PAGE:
Henry M. Flagler commissioned architects Carrere and Hastings to construct this architectural masterpiece formerly the Alcazar Hotel. The Alcazar closed during the Depression, and in 1947 the building was purchased by Otto C. Lightner as the perfect place to house his Victorian-era collection of antiques. He opened it as a museum two years later and turned the building over to the City of St. Augustine. The building is on the National Register of Historic Places and today is home to both the Lightner Museum and City government offices.
Otto C. Lightner was fascinated by what other people collected — a hobby that became his trademark and his passion, which is clearly reflected in the diverse and eccentric collection of 19th-century artifacts on display at the Museum. There are five floors to the Museum, all of which are filled with interesting and beautiful artifacts from over a century ago. Furnishings, paintings, mechanical musical instruments, and other items transport you to the heyday of the Alcazar Hotel and its wealthy visitors. Exquisite Victorian art glass and stained glass works of Louis Comfort Tiffany. Paintings from around the world are also on display. Each room is restored to its original beauty so guests can feel like they are walking back in time.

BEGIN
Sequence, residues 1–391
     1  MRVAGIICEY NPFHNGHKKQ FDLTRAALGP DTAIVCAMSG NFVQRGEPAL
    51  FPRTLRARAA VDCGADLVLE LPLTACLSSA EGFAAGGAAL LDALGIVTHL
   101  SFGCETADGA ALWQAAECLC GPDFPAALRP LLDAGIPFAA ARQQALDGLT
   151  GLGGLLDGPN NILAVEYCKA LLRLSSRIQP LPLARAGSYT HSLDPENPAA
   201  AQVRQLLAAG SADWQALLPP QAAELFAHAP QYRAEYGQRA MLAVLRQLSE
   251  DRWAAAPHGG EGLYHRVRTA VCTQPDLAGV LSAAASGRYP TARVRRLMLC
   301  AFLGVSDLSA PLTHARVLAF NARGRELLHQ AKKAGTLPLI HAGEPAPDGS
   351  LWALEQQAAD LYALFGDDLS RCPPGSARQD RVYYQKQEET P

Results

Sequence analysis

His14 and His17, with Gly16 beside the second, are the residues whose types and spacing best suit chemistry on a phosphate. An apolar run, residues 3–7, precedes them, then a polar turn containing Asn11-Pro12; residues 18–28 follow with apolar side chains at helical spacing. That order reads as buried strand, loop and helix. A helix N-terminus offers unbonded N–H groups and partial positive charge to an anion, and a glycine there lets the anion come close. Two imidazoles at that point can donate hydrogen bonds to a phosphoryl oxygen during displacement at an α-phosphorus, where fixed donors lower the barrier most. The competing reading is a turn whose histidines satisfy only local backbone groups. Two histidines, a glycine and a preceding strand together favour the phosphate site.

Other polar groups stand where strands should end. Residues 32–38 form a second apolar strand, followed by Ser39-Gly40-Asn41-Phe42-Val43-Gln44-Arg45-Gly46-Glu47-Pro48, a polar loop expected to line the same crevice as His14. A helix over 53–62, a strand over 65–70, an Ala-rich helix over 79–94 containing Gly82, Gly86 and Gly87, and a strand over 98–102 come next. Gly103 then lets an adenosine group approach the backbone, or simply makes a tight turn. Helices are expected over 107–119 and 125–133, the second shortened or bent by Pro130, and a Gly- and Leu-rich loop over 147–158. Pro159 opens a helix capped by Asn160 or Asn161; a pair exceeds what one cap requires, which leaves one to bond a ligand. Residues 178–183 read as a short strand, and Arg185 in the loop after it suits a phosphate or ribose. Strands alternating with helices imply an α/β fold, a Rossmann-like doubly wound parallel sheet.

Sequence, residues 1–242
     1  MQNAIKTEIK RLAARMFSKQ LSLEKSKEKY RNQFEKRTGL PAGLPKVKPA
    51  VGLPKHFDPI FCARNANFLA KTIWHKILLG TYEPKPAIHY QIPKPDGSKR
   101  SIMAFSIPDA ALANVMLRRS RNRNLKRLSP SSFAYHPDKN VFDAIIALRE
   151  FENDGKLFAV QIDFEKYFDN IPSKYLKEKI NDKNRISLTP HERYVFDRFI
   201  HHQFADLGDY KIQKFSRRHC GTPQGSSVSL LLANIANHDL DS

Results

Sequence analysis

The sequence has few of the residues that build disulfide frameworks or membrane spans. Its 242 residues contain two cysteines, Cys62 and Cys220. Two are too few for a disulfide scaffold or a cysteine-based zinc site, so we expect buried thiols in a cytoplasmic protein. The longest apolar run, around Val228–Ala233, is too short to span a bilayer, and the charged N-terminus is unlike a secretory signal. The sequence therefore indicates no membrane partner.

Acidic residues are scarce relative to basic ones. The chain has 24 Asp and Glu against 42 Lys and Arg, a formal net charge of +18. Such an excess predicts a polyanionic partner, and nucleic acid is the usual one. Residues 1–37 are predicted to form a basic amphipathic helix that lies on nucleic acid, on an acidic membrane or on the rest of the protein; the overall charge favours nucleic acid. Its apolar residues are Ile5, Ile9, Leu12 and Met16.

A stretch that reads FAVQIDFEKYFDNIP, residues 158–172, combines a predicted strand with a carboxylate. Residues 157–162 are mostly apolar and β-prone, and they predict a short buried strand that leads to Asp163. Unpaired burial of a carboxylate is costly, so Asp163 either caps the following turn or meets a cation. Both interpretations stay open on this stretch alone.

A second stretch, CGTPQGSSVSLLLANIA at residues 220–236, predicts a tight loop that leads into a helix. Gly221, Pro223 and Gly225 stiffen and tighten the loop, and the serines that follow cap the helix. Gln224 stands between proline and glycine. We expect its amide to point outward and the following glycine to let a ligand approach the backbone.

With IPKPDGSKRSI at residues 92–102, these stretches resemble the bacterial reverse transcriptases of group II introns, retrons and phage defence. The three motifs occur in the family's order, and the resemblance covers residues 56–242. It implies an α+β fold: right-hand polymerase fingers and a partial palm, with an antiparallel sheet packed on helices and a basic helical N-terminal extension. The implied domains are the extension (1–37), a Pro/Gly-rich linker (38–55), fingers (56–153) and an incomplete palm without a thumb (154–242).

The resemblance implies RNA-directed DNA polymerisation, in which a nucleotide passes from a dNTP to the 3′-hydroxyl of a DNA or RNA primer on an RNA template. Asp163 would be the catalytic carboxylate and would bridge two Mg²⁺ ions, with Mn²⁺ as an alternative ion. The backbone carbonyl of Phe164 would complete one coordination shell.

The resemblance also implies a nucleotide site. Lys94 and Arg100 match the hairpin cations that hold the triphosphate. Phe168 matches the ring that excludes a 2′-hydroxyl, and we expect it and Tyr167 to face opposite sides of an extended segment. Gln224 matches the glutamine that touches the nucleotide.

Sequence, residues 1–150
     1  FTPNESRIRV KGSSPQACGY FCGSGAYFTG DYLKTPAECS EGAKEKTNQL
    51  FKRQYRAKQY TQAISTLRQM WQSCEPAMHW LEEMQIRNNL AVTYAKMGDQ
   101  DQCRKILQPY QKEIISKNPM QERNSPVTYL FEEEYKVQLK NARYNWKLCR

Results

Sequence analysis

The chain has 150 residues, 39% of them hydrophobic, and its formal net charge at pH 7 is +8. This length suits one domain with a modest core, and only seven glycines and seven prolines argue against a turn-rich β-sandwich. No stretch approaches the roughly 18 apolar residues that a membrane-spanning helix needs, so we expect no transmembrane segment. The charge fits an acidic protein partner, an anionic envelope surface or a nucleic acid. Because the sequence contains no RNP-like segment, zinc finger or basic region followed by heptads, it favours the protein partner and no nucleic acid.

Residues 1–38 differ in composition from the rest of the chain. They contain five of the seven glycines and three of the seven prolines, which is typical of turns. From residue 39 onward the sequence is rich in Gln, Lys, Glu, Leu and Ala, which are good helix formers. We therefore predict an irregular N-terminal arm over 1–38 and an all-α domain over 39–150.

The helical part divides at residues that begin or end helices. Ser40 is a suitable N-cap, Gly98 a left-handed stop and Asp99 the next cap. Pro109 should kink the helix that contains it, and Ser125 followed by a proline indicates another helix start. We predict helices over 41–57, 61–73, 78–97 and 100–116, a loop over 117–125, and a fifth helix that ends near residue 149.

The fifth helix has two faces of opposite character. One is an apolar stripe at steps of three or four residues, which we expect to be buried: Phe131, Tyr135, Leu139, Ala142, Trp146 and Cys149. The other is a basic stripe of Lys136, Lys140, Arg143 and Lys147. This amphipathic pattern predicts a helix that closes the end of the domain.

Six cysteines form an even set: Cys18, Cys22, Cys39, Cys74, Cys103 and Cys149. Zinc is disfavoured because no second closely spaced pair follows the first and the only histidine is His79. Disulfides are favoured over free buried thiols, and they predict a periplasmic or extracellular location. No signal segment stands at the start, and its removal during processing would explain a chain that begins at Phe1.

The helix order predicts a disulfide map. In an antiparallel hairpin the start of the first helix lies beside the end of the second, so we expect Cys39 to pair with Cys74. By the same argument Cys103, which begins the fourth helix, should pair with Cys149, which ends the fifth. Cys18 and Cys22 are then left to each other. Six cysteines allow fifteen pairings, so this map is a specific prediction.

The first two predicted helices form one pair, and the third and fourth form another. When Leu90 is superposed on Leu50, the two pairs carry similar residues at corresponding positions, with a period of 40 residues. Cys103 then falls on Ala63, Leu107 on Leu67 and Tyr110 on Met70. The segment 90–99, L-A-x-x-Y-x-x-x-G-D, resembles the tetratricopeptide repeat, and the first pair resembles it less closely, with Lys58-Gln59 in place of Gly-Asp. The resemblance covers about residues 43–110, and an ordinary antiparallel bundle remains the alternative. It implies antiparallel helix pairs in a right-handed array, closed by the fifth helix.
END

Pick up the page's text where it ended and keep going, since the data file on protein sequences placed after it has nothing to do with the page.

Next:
Our mission is to preserve, maintain, research, and interpret the Museum’s collection for the educational benefit of the visiting public. The Lightner Museum is a non-profit cultural institution sustained by admissions and donations, and dedicated staff and volunteers support it.